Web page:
Best Thanksgiving present ever!

“Can I put a picture of your father and I in his casket?” my dad’s cousin Mike D’Amico asked me in 1989.  They were more like brothers than cousins.  He placed the picture on my dad’s heart.

Last night, twenty one years later, I received a link to video footage to my dad’s 2nd birthday and other  footage of my ancestors from the 1930’s!

I guess my Uncle Mike was right about one of his first toys as a two year old– a baseball glove.

Now my Thanksgiving is made. And no, I don’t expect you to sit through our family footage.

May your Thankgiving be with the one’s that you love the most. For some of you this Thanksgiving is going to be your toughest one yet. Maybe this is your first Thanksgiving without a loved one. My first one without my dad wasn’t easy. Same with the first Hanukah, Christmas, New Year’s, their birthday your birthday. And on and on.

But I promise, it will get better. Set a place at the table for them. Celebrate what you had with them.  Share stories. Laugh. Cry. Yes there is forever a hole without them, but only you can fill it. Maybe in 20 years some great family footage will show up in your inbox!

A Happy Thanksgiving to all!


Growing up a food photographer’s son

Thanksgiving at our house was different I suppose.

Some years there were two Thanksgiving dinners. One was for the camera for a magazine. And one we could actually eat.

The first table setting looked great.  But there was shellac brushed on the turkey so it glistened. The first turkey wasn’t fully cooked, but a blowtorch was used to brown the edges and make the bumps on the turkey shrink. A syringe would pump mashed potatoes under the turkey skin so it would look plumper. They sprayed something on the vegetables and certain other foods to keep it looking fresh. Small wood blocks would sit under a casserole so it appeared to be higher in the dish. Thin fishice 2ing line would hold up certain items. Acrylic ice cubes were in in the water pitcher than ran about 85 bucks for each cube.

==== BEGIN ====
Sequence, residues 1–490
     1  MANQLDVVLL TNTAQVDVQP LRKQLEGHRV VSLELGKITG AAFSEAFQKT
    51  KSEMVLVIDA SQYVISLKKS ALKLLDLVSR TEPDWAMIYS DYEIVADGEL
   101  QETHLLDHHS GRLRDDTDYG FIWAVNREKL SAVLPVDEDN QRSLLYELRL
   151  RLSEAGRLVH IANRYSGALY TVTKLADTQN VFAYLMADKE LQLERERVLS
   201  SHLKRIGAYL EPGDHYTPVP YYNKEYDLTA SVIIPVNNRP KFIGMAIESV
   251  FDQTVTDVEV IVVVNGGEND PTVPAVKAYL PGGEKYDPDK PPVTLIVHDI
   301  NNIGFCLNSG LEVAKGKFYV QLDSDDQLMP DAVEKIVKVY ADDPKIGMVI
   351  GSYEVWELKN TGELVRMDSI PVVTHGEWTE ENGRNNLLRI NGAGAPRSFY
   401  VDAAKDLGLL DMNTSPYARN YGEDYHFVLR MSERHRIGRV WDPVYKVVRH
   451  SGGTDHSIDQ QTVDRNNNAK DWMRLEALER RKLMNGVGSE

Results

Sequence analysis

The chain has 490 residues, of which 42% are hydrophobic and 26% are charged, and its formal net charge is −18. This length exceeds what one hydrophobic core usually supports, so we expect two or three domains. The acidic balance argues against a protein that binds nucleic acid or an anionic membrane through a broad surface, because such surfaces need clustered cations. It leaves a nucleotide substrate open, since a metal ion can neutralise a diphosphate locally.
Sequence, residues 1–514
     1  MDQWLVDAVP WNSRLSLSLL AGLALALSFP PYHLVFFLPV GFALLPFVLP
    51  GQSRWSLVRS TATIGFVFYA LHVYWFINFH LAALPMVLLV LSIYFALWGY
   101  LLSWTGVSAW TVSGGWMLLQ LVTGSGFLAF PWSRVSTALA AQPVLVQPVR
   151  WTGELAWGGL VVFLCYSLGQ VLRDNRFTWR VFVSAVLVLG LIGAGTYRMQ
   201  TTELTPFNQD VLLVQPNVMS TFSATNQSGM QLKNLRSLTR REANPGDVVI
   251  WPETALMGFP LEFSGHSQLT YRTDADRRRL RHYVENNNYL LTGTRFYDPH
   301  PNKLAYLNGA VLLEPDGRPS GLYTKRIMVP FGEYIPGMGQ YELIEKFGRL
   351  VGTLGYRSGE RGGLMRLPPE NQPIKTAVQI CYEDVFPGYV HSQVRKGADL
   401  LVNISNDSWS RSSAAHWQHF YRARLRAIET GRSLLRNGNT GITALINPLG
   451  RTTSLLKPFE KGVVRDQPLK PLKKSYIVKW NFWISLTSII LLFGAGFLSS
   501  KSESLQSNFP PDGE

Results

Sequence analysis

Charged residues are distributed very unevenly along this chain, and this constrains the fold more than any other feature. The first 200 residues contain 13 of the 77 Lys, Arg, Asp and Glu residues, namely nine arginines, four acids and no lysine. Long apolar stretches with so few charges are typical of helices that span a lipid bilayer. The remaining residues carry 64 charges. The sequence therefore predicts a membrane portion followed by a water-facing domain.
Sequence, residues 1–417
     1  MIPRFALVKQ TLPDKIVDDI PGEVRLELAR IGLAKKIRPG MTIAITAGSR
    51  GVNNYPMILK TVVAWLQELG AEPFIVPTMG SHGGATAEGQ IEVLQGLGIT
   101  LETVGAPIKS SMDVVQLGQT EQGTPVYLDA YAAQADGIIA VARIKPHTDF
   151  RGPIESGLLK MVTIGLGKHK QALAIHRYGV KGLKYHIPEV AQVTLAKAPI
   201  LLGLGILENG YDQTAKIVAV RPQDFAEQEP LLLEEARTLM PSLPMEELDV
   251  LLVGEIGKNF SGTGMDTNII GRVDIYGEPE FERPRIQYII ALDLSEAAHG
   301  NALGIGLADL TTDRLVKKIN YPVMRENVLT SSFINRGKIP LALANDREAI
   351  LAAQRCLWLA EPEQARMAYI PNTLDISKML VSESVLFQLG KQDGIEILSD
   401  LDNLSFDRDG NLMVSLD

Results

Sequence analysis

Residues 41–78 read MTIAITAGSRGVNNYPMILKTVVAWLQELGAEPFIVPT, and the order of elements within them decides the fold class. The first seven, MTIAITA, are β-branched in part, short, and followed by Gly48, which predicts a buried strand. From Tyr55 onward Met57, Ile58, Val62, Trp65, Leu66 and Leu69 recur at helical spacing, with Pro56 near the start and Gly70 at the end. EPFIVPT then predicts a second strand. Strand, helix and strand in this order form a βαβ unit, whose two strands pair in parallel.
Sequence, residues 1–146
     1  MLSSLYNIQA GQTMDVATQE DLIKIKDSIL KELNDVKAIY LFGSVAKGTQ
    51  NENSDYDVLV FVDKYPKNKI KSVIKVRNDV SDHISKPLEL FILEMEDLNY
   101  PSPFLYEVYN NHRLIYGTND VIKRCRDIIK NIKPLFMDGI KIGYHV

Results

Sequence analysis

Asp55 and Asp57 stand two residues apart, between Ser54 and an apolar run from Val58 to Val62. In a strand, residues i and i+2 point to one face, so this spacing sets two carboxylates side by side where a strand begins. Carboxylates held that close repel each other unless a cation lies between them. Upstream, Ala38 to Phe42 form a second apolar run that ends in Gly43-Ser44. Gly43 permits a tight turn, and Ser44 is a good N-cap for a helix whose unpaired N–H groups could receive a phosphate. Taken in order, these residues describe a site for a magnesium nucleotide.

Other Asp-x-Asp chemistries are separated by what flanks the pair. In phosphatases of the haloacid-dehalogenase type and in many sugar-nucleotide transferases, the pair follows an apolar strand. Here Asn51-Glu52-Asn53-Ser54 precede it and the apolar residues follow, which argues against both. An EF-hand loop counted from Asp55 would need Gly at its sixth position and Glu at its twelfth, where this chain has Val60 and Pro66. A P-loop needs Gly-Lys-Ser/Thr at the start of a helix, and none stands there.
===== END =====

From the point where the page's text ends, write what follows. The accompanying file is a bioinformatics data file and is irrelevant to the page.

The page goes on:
Fabric protector was sprayed on top of the yams so the butter wouldn’t sink in. Hot wet cotton balls were on the other side of the hot food so they gave off more steam. Other items on hand: tweezers to adjust this and that. Hemoststats to pick up and move little crumbs and stuff. Toothpicks made certain things face the camera. A few exposures later they took it all away and it was time to eat the real Thanksgiving dinner. I guess these days they just Photoshop everything…

Below is one of my dad’s photographs for Chivas Regal.  By the way, the acrylic slipper was made by a model maker just for this shot and someone stole it along the way.

Of course by the time the real meal came around we were all starving. It looked just about the same to us kids.  But we didn’t eat until it was checked and double checked that this was the real dinner. And trust me we listened.

Take it from a guy that has eaten cereal with glue in the milk and brushed his teeth with Brylcreem that came out of a tube of toothpaste.

I hope everyone has a great Thanksgiving. Don’t forget to say a prayer for those loved one’s who are no longer with us. Everyone enjoy.